Just before local elections in May, a survey of young Nepalis of voting age showed that 75% felt that the impact of global climate breakdown on the Himalaya should be a political priority for candidates.
That survey by the Avni Centre for Sustainability has relevance for federal and provincial elections also because more than half the voters are in the 18-40 age group. However, many in that cluster are among the 4 million Nepalis working and living abroad and are not able to vote.
Still, past surveys have shown that environmental concerns like air pollution, solid waste management and the climate crisis top the list of main concerns of younger Nepalis. And despite the main leaders of the main parties being senior citizens, 90% of the candidates are below 60, and an unprecedented 41% are under 40 years, and 10% are below 30.
Therefore, candidates who understand the concerns of young voters will be the ones whose political futures will be secure. Repeatedly-elected politicians who have mined our rivers to destruction, illegally quarried mountains and logged forests, and plundered Nepal’s natural resources can be swept away by these elections.
Their political future is threatened by a future generation of Nepali votes.
The time has come for Nepal’s politicians to regard the climate crisis not as a problem, but an opportunity. Similarly, voters must also use the chance that comes every five years to reward candidates who are most likely to act on helping Nepalis cope with erratic weather caused by climate change.
We need to vote in leaders who understand not just the environmental aspects of climate breakdown, but also the economic and political roots that determine fossil fuel use and consumption patterns.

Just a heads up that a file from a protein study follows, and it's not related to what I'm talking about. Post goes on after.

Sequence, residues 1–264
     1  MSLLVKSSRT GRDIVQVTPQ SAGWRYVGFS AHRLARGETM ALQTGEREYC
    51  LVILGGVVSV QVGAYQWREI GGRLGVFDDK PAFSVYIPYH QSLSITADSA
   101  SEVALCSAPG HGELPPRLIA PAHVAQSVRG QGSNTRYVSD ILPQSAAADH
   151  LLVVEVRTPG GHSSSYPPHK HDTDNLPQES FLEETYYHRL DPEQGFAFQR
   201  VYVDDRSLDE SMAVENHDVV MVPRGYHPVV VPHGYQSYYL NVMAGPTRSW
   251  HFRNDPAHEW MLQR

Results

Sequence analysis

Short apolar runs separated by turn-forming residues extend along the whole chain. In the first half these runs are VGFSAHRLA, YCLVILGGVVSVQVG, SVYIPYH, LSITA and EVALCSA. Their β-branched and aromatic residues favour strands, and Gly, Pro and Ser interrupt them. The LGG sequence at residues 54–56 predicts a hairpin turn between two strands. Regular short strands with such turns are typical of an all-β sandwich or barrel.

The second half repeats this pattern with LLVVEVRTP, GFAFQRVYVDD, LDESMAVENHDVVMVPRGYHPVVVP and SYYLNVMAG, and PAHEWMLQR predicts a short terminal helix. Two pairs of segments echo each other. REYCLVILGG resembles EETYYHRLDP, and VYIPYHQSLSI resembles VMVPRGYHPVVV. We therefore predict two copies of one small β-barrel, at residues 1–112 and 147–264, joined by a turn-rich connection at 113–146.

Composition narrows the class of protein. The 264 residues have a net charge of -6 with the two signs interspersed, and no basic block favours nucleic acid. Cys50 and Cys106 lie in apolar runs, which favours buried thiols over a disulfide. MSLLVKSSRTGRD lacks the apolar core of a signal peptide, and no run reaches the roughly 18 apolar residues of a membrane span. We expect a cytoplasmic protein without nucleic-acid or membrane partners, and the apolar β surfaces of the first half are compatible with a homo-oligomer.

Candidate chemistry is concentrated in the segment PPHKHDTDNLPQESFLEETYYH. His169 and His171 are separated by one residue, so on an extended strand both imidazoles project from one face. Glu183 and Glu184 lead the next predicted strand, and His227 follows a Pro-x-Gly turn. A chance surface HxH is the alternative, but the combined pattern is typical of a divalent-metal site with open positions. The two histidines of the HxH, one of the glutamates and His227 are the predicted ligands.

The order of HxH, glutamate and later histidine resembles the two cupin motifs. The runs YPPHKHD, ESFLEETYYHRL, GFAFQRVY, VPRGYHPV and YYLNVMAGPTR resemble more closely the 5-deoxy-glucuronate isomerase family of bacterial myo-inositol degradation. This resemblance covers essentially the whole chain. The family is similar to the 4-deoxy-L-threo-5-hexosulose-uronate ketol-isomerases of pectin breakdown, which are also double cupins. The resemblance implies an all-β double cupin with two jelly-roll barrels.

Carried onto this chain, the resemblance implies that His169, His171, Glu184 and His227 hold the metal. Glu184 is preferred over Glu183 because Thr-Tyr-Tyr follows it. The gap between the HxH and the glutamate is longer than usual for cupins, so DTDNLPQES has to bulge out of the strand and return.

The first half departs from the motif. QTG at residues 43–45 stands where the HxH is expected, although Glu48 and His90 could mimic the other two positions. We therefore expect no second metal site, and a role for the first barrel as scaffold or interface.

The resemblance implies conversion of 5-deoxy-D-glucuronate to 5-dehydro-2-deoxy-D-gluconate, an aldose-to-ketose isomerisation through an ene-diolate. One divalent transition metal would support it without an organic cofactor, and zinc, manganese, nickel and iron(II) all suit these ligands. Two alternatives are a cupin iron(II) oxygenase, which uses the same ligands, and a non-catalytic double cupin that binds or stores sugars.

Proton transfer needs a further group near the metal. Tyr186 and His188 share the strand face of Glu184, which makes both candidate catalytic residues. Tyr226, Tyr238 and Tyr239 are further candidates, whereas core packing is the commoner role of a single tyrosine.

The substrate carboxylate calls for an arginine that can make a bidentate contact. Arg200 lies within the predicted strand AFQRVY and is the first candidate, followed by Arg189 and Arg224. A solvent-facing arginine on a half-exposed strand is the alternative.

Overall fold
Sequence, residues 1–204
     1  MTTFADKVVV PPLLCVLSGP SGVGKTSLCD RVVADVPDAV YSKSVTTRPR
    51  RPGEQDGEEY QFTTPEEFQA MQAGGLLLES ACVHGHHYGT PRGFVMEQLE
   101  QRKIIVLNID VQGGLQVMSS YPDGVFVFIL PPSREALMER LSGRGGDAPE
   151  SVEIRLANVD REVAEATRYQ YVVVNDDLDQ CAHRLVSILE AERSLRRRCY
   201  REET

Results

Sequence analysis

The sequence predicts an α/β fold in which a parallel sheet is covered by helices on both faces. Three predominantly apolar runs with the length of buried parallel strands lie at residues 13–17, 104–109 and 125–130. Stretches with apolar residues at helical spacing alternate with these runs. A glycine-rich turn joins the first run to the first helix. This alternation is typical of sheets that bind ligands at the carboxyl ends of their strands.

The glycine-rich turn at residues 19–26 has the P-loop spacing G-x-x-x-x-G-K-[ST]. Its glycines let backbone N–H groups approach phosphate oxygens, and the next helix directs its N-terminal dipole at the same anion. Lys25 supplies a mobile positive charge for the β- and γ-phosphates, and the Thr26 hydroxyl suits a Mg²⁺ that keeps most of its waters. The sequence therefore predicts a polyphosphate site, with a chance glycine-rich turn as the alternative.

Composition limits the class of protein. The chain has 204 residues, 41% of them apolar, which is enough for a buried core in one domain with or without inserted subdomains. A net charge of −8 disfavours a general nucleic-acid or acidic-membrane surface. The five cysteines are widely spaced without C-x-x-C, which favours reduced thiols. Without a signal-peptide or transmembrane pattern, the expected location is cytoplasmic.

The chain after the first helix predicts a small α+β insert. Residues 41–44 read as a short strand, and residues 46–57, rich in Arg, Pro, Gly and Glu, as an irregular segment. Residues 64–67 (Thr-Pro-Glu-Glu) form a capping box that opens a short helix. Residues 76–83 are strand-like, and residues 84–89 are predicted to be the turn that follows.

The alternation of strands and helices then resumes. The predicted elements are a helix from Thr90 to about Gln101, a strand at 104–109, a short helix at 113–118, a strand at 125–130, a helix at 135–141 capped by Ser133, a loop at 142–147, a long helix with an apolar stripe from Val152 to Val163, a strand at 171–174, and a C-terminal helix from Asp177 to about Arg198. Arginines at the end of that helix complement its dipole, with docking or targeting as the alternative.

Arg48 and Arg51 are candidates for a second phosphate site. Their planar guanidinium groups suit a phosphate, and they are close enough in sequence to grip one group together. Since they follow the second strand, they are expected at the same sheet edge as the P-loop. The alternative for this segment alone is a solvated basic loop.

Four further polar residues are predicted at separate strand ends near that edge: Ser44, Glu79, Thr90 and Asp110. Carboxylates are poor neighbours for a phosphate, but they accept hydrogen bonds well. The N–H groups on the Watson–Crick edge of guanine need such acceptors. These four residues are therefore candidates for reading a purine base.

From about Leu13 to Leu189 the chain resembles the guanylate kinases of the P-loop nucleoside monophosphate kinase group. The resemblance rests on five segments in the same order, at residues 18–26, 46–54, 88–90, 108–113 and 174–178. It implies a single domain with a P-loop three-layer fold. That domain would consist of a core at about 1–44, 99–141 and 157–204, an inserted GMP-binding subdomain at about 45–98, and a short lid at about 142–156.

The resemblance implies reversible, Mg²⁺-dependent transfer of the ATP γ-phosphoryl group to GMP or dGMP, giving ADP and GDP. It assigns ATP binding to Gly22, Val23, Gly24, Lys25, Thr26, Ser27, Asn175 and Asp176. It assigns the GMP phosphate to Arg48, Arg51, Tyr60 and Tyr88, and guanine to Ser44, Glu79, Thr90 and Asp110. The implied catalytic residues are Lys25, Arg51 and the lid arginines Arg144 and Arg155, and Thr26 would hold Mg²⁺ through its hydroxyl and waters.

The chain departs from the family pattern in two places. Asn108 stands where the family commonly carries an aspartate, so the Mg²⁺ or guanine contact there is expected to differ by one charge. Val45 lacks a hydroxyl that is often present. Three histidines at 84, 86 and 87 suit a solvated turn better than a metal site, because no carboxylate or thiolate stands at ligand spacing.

Scientists have warned that we just have 5-8 years to reduce greenhouse gas emissions to avoid the worst impacts of the climate emergency. The politicians we elect on 20 November will be in office for another five years, by which time things will have got much worse.
At COP27 that ends this week in Egypt, world leaders will have to implement pledges they made in the 2015 Paris Agreement to limit global average temperature rise to only 1.5C above pre-industrial levels. Global warming has already crossed the 1.1C threshold. At the rate emissions are rising, it looks like global average temperatures will be at least 2.8C by the end of this century – driving many species to extinction and melting two-thirds of what is left of Himalayan glaciers.
Climate denialism is not as widespread in Nepal as some other countries, either because of the lack of awareness or unavailable alternatives to fossil fuel use. There is also a tendency to use the climate crisis as an excuse to beg for money to tackle it, even when there are a lot of low-hanging fruits that Nepal can pick to reduce its carbon footprint.
While we blame industrialised nations for historical emissions, they are watching Nepal’s actions like haphazard road-building that has affected drainage and unleashed landslides, mining of rivers and mountains, destruction of watersheds, over-extraction of groundwater, rampant dumping of waste into rivers and forests, and open garbage burning. That is the real ‘loss and damage’ that Nepal should address first.
At last year’s COP26 in Glasgow, Prime Minister Deuba pledged that Nepal would be ‘carbon neutral’ by 2045. But as soon as he returned to Kathmandu, he actively backed a white elephant airport project that was being heard in the Supreme Court and that would have destroyed a large swathe of Tarai native forest. We say one thing, we do another.
Nepalis will benefit from decarbonisation: by reducing air pollution, lessening our dependence on petroleum imports. Protecting forests, greening cities, promoting organic agriculture, conserving groundwater, cleaning up rivers and soil, will ultimately benefit Nepalis and improve their quality of life.
Environment-friendly, green and sustainable policies will mend the economy and safeguard society. Nepal can be a model for meeting carbon negative goals, but for that we need to rapidly replace fossil fuels with hydro, solar and wind energy and prevent further forest destruction.
That will be our contribution to help the global effort to address the climate emergency, but the immediate benefits will be enjoyed by this and future generations of Nepalis.
Shilshila Acharya is with the Avni Centre for Sustainability, a non-profit and Avni Ventures, a waste management company based in Kathmandu.
Global crisis, local solutions, Sonia Awale
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